Lace Closures Explained
Lace Closures are a fairly popular item for women who care about their hair. The flexibility and versatility of closures makes them applicable for just about all types of hair, whether natural, scanty, permed or the less thrilling receding hairline. Our natural hair doesn’t always blend well with foreign textures; for instance Brazilian or Indian, and as a result, some weaves tend to reveal breakage, bald spots and thinned edges: closures can be used effectively to prevent such occurrences. We answer the question, What is a Lace Closure?
If you know what to look for in Lace closures, you will have an easier time at the beauty salon. Here are some facts and tips about closures you should know about:
- A lot of women tend to confuse frontals with lace closures. Closures are not frontals; however, frontals can be considered closures. Lace frontals are basically a hairpiece which mimics a person’s hairline, covering it up from ear to ear.
- Closures come in different forms and sizes so not every purchase would work for you. Look for the size that works perfectly for your scalp so that it fits well. Laced based closures are preferable because they lay flatter and are more comfortable.
- Never use glue for your closure; it’s a common mistake among women and it could lead to hair loss. Sew the closure in to avoid spoiling it or losing hair.
- Closures cover the crown and though a frontal can be sewn or clipped in the back, the best method for putting it in place is by bonding. The bonding process involves liquid or tape adhesive whereby the adhesive is applied sparingly to the lace mesh and then carefully secured on the front part of the hairline.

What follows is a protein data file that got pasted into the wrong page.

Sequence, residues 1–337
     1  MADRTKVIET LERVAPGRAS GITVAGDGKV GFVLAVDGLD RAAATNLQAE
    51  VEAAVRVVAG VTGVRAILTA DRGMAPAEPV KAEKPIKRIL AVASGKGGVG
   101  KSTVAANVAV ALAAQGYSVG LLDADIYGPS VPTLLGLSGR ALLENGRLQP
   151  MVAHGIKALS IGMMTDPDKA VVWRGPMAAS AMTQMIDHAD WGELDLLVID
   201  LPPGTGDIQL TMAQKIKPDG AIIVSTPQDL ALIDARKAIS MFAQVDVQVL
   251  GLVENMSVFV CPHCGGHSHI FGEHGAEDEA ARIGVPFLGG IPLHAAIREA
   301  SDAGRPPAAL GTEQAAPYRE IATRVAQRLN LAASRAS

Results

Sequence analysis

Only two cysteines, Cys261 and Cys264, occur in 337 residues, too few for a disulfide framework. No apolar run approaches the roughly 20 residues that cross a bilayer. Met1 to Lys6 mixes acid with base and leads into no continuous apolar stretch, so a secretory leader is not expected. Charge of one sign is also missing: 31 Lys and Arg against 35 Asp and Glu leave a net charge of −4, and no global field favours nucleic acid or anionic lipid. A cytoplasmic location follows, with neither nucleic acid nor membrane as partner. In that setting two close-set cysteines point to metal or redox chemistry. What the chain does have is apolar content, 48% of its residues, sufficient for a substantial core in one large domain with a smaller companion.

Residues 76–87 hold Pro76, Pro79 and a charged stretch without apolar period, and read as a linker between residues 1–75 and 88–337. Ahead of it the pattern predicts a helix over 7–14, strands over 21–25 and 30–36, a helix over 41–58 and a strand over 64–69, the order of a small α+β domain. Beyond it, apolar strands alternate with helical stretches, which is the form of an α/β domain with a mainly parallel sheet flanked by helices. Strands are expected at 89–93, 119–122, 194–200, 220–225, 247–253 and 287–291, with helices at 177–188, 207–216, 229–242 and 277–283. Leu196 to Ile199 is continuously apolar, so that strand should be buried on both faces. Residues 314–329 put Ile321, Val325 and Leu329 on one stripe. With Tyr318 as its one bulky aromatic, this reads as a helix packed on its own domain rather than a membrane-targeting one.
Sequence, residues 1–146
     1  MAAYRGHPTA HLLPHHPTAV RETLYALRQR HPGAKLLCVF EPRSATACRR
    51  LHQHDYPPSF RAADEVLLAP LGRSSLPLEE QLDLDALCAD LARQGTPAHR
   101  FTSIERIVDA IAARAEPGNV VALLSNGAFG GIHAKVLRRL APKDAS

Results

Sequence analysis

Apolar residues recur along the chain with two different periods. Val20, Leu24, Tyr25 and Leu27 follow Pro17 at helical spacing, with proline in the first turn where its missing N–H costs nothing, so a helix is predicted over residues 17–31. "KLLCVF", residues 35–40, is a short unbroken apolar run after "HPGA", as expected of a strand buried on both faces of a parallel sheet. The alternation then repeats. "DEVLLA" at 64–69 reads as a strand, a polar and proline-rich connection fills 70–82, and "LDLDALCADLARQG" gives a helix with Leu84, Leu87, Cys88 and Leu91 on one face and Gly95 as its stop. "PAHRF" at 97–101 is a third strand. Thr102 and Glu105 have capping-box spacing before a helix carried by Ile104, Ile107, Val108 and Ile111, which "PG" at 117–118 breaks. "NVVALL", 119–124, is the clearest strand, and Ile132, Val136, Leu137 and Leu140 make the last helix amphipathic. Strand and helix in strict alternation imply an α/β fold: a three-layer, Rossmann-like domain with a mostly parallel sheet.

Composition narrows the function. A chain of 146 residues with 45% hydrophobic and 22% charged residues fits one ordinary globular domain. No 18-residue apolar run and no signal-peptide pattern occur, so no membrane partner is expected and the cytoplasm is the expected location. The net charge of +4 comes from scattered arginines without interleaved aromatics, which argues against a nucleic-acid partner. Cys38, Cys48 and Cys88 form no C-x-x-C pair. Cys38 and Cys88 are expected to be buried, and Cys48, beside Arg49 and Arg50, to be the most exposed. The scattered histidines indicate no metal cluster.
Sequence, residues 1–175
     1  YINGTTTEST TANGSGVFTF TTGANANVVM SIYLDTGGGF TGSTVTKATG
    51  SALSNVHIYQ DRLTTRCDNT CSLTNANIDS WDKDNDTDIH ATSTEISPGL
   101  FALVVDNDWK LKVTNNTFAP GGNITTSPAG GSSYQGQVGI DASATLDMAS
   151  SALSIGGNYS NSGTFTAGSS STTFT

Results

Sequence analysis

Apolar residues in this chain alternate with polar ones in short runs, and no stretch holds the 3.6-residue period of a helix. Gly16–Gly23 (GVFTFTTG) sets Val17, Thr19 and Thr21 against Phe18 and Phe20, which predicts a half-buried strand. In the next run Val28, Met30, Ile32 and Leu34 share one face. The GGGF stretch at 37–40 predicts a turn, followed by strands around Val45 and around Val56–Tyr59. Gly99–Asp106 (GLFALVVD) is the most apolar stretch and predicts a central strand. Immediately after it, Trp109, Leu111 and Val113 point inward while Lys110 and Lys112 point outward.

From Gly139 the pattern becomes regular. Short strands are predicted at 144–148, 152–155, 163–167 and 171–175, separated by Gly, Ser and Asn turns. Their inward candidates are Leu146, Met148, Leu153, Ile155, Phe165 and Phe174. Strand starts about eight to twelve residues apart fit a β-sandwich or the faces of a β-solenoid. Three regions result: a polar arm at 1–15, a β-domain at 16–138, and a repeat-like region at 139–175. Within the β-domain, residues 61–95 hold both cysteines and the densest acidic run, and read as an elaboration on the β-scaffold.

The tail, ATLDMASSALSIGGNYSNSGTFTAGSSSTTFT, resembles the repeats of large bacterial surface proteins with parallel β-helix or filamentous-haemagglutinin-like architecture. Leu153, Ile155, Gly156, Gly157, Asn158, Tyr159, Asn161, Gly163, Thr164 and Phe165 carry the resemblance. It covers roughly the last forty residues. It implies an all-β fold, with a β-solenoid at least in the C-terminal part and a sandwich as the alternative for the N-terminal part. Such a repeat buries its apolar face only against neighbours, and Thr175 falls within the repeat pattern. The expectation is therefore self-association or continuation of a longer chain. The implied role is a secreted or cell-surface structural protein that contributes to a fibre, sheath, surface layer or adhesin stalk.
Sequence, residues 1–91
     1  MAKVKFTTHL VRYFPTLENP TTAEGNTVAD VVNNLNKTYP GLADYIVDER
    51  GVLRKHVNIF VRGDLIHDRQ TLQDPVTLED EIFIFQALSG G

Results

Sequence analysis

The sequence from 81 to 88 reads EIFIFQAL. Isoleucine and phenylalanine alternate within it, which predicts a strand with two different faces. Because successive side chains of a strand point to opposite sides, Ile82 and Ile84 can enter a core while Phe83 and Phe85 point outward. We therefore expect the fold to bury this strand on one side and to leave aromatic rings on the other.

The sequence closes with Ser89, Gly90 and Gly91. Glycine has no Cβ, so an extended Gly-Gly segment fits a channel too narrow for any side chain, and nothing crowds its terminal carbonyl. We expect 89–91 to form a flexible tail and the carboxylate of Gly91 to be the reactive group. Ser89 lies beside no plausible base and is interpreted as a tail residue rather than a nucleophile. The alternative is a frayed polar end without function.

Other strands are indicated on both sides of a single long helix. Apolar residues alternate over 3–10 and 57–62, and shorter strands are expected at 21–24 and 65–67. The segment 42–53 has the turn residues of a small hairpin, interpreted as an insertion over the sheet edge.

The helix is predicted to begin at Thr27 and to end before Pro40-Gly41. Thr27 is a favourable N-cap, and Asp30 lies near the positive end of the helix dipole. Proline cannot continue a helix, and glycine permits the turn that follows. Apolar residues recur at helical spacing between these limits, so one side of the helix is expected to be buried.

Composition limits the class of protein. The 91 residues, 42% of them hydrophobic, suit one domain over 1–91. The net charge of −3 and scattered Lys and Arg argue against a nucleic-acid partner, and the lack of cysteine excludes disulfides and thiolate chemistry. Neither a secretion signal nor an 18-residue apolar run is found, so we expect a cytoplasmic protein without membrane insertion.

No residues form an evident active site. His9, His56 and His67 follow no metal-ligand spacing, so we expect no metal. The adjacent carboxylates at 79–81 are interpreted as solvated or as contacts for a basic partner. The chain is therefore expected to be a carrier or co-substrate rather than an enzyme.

- When wearing a weave, keep the area at the front hairline and crown well blended.
- Sewn-in or bonded weaves usually require lace closures to cover the top area where the track hair or weaving hair gets sewn/bonded down. This process often creates an area called the “horseshoe” where some hair gets left out. Closures can be used to cover up that area and add some decorative style to enhance the weave.
- Always make sure you tint the materials used on your closure so that it matches your scalp. When you properly tint the closure it makes it easier to part, pull back or twist your hair in any style you want without drawing attention to the closure.
- You may use liquid, tape adhesives or weaving thread to apply closures: that will create a natural-looking head of weave. Just about everyone will be convinced it’s your natural hair.
- In order to get the best results, always get your closure fitted by a professional.
Apart from lace closures, several other types of closures exist. They include the following:
Silk Base Closures
A silk base that comes with individual strands as opposed to wefts and offers more styling options. It also comes in a thick fabric which lasts longer than that of lace but it also has a more visible demarcation line (the area of the hard where the skin and closure meet together). Silk closures have barely visible knots which come in high density and rarely need bleaching and they also allow ventilation in the hair.
It’s essentially a mesh which happens to be the most durable type of closure and is applied in a single-strand method, hence the name mono-filament. It is perfect for stiffer hairstyles with full bangs because it maintains the original shape without much effort. The mesh creates a natural-looking transparent base which happens to be transparent and makes the scalp look better.
Skin-polyurethane closure: comes in a thin, flexible silicone base which tends to create the illusion of a natural scalp. It is not durable though, and it doesn’t let air in so it would not be ideal in hotter climates.
Uses the longevity of monofilament and combines it with lace so as to create a natural-looking hairline. Hybrid closures come in high density especially in the portion with monofilaments and the lace when combined with flesh-tone silk creates a more natural look.
Invisible Part Closure:
This type of closure involves wefted hair sewn into a mesh base. It usually comes in an oblong shape and can be fitted in at an angle, where the depth of part can be manipulated without including the hairline.